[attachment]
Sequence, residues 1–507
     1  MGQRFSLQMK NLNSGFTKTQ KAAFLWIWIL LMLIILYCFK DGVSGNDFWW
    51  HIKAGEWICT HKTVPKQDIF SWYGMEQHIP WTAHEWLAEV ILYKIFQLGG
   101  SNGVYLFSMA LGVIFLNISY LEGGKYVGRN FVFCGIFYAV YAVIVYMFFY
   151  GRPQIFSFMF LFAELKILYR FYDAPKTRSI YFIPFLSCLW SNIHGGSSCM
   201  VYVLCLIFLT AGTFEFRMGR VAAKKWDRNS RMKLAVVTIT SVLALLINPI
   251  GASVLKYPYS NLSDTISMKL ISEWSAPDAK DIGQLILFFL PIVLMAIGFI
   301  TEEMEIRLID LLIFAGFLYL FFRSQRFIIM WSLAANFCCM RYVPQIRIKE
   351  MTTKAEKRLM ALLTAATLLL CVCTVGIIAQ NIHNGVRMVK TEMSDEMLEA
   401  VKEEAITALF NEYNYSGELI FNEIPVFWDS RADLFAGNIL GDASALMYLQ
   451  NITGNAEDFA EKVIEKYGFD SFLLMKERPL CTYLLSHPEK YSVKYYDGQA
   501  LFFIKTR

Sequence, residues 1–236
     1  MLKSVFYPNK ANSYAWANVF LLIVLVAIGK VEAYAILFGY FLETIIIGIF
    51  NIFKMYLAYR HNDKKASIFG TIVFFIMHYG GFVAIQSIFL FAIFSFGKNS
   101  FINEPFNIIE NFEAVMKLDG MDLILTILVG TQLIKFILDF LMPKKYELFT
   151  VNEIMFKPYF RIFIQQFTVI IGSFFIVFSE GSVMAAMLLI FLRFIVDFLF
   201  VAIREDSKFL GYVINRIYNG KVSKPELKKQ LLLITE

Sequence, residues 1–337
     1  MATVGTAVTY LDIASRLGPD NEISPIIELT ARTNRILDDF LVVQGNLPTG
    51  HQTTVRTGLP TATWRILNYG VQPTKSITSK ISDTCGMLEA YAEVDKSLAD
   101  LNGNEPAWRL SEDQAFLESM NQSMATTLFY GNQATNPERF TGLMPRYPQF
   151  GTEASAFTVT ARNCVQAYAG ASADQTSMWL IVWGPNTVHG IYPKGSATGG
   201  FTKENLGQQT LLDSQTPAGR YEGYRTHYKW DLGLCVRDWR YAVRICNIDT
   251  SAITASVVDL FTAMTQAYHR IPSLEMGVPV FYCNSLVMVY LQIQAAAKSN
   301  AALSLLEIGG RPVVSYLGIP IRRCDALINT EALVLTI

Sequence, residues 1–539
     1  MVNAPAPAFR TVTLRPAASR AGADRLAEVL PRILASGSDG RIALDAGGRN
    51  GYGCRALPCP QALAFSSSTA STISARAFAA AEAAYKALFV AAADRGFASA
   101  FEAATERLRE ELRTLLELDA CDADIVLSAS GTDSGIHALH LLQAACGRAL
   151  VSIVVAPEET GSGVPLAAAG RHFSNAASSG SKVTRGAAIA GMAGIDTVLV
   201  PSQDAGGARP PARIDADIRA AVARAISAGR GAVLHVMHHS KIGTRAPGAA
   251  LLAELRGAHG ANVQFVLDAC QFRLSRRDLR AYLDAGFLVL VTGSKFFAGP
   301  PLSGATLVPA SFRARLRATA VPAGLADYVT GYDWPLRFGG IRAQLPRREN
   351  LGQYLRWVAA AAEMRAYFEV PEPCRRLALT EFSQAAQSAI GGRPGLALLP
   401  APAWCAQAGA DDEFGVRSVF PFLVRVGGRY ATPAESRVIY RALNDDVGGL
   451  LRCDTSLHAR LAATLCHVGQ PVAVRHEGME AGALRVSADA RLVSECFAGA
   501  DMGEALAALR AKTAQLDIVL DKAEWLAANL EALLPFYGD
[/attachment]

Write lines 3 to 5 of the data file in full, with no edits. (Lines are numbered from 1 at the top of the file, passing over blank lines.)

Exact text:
    51  HIKAGEWICT HKTVPKQDIF SWYGMEQHIP WTAHEWLAEV ILYKIFQLGG
   101  SNGVYLFSMA LGVIFLNISY LEGGKYVGRN FVFCGIFYAV YAVIVYMFFY
   151  GRPQIFSFMF LFAELKILYR FYDAPKTRSI YFIPFLSCLW SNIHGGSSCM